The Different Types of Business Structures in the UK



Setting up a new business is a very exciting venture, but also a challenging one. You will

likely have lots of questions, and one of those will probably be, ‘what type of business

structure is right for me and my business?’


Before you make this decision, we strongly advise that you do your research on the different

types of business structures. The structure you choose will affect the way your business

grows, makes big decisions, pays taxes, and deals with liabilities.


Although it is possible to change your business structure later on, it is wise to start out with

the right structural set-up for you to avoid complications and a large cost later on.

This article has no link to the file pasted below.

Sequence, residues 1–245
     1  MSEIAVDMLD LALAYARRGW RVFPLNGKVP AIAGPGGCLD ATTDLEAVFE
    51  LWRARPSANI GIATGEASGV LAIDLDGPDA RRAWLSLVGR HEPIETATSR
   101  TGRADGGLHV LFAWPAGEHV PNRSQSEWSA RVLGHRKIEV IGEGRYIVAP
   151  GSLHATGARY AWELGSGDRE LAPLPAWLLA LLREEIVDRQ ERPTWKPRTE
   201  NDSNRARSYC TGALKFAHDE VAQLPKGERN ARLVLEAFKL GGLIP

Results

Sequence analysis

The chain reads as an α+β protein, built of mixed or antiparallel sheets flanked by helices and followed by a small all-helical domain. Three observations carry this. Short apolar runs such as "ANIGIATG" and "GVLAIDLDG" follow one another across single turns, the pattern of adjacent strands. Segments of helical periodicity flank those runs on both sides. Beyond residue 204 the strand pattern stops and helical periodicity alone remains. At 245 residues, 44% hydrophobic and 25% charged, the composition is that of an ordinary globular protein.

Read on to learn more about the main business structures in the UK.


What Are The Main Types Of Business Structures?


  • Sole trader

  • Partnership

  • Limited company

  • Limited liability partnership

Each business structure has its own advantages and disadvantages, depending on a variety

of factors such as the size of your business, the kind of business it is, and your future plans

for it.


Sole Trader


A sole trader is possibly the most popular type of business that entrepreneurs choose. It is

often referred to as simply being ‘self-employed,’ although there are other forms of self-

employment such as freelancers or contractors.


The Advantages And Disadvantages Of Being A Sole Trader


This is the simplest type of business to register. Other benefits of choosing to be a sole

trader are that you are in full control of business decisions, and you can keep all profits from

the business (after tax). Sole traders do not have to work alone, you can hire staff as long as